Last time, we discussed how NASA's recently launched Transiting Exoplanet Survey Satellite, or TESS, will spend the next two years surveying nearly the entire sky to search for planets orbiting nearby stars, up to about 100 light years distant. TESS's four wide-field cameras will spend a month at a time staring at swaths of the sky, each about the size of the Orion constellation (24 x 96 degrees).
It's astonishing how much information can be gleaned about an exoplanet by simply measuring the dip in starlight as the planet transits its star. Astronomers know the size of the star from its spectrum, and they calculate the planet's size by noting the fraction of starlight obscured by the planet (see diagram). Knowing how frequently the transits take place establishes the planet's orbital radius (from Kepler's third law of planetary motion). The planet's mass can be inferred from another exoplanet trick, the "radial velocity method," whereby Doppler spectroscopy measures a star's acceleration as the orbiting planet pulls it slightly to and fro. That gives the planet's density, clueing us in to whether it's rocky, icy or a gas giant like Jupiter or Saturn.
As I wrote last time, TESS can be thought of as a finderscope because its forte is identifying possible Earth-like planets worthy of further investigation by large ground and space-based telescopes, such as the European Space Agency's CHEOPS (Characterising Exoplanet Satellite), to be launched later this year, and NASA's 21-foot James Webb Space Telescope, scheduled for launch in 2020. (Hubble's telescope, in contrast, is 8-foot in diameter.) The next generation of telescopes will focus on individual stars, especially comparatively bright, nearby planets (identified by TESS) that orbit within the so-called "habitable zone." That's the band around a star where the star's heat is strong enough to melt ice, but not strong enough to vaporize it. Here in our own solar system, we're clearly in the sun's habitable zone, but Venus isn't (water would boil on its 900 degrees F surface). Since Mars once harbored oceans, before it lost most of its atmosphere, it is considered to be in the habitable zone.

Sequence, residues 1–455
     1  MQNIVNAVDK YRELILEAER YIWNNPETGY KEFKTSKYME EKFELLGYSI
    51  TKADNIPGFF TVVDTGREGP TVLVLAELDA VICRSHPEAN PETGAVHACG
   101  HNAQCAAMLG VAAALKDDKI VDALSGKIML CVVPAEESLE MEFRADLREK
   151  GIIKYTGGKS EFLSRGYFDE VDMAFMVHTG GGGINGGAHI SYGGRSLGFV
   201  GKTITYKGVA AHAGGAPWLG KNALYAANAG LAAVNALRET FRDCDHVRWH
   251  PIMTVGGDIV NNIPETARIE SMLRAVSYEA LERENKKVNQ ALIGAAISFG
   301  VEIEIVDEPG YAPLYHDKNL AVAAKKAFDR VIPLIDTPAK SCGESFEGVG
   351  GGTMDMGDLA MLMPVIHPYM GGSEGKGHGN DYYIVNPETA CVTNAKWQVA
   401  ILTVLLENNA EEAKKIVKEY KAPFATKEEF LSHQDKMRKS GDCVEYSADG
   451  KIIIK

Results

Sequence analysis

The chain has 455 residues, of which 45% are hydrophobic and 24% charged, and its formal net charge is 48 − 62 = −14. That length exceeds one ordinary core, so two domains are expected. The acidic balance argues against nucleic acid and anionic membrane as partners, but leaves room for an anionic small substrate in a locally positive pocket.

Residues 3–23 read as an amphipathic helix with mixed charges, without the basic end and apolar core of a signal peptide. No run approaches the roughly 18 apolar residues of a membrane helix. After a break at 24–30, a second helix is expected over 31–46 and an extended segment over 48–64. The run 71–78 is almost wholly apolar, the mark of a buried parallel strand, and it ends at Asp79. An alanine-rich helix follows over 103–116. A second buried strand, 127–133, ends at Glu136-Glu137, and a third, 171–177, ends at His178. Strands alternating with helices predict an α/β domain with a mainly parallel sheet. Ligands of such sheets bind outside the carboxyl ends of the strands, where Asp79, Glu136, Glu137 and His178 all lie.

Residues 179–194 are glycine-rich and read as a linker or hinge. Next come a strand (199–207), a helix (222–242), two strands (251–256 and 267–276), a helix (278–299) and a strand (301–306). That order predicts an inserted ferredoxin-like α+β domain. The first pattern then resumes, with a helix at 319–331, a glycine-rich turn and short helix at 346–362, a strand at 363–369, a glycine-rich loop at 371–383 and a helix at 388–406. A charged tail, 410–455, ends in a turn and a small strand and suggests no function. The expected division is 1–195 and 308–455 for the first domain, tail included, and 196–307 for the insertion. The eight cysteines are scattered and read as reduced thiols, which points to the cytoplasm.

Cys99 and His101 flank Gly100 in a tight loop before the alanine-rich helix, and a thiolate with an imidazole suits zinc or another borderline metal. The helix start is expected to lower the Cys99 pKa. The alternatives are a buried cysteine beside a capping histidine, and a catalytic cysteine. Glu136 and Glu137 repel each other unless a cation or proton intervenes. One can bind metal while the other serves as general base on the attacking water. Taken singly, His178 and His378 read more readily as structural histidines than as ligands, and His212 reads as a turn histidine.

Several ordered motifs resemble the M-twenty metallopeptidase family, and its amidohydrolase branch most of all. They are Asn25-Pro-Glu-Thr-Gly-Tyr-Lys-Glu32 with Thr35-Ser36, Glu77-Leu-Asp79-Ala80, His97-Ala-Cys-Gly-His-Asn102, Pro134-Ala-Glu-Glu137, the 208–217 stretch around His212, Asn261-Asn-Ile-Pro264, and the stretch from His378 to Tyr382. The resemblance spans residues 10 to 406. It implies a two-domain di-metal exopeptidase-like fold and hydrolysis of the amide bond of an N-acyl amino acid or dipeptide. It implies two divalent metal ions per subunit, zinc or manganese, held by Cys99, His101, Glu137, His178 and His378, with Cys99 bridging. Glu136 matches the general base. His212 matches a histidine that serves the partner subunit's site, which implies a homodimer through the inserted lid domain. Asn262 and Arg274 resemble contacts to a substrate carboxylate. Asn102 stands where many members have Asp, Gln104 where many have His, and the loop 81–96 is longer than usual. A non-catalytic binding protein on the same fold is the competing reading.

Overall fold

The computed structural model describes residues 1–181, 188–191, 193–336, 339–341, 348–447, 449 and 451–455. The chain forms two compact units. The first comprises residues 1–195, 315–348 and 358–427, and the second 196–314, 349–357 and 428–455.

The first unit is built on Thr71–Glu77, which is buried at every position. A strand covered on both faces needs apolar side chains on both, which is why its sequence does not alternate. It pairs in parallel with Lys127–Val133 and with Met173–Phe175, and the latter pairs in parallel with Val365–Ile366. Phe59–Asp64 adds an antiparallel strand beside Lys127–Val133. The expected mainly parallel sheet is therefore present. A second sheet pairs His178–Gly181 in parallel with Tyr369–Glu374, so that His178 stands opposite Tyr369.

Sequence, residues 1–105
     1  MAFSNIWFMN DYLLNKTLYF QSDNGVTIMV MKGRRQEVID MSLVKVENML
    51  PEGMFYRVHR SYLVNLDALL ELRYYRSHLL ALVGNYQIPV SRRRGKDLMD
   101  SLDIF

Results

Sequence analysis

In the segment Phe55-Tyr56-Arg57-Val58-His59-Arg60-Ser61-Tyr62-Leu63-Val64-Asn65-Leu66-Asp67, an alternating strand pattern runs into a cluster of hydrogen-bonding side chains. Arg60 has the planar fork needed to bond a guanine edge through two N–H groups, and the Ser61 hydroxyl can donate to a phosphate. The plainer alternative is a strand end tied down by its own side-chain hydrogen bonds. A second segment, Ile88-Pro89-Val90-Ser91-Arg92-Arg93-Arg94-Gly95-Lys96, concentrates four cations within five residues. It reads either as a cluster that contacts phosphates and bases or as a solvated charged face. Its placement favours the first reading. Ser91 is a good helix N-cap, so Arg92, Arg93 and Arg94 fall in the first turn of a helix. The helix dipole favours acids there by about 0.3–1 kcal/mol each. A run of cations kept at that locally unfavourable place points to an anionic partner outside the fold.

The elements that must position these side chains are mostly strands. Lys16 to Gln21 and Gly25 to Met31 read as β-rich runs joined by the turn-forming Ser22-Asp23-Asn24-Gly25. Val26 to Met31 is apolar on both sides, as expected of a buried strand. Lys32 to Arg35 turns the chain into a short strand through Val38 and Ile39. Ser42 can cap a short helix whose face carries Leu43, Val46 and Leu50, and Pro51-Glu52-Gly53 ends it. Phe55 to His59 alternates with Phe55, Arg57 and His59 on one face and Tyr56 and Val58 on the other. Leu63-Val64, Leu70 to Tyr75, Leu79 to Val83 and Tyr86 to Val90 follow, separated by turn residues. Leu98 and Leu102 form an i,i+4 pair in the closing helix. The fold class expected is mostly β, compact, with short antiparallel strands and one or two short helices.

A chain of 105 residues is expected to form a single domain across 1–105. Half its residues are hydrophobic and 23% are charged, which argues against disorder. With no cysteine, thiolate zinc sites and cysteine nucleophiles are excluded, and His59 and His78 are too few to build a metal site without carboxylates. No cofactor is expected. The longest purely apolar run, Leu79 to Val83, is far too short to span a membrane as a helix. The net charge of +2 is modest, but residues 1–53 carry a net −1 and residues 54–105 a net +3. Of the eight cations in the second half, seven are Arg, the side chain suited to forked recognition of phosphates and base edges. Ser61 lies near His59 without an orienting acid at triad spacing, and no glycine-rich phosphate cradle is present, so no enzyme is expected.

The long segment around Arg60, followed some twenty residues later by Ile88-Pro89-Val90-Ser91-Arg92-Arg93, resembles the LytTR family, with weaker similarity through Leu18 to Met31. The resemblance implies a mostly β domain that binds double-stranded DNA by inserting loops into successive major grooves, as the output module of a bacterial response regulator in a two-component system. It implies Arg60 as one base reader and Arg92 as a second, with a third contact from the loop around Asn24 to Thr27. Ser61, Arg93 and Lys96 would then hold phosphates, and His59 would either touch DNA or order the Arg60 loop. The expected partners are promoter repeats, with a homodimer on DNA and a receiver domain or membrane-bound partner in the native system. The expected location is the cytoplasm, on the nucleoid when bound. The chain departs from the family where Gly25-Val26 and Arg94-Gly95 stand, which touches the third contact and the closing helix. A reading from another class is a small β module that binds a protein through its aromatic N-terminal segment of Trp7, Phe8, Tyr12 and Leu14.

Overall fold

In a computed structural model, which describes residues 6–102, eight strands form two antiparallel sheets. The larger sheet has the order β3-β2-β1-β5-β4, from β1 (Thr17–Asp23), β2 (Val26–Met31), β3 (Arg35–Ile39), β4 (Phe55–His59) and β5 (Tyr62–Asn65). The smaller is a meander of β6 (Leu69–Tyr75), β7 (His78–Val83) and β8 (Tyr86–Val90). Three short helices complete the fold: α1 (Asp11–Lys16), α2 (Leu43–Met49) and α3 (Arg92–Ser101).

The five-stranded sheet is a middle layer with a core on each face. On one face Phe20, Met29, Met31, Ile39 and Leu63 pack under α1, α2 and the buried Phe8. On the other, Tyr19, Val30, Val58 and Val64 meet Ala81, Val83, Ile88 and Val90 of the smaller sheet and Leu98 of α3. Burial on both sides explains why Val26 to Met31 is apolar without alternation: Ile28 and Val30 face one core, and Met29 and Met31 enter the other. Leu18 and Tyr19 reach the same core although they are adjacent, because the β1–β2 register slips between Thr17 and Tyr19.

If we did identify a rocky planet within the habitable zone of a close (< 100 light years) star, what then? Today's exquisitely sensitive spectrometers can analyze the atmosphere (if it has one) of a relatively close exoplanet by comparing its star's normal spectrum to its spectrum while being transited. An atmosphere doesn't guarantee life, of course, but it's surely a prerequisite for life, without venturing into the more speculative realms of science fiction. (Fans of, for instance, Robert Forward's Dragon's Egg will know what I mean.) The Holy Grail here is oxygen, which — almost certainly, there's some debate — infers photosynthesis.
After that, it's Little Green Men all the way.
Barry Evans (firstname.lastname@example.org) conveniently forgot to note that, traveling at a tenth of the speed of light, it would take a lifetime to reach even the closest stars.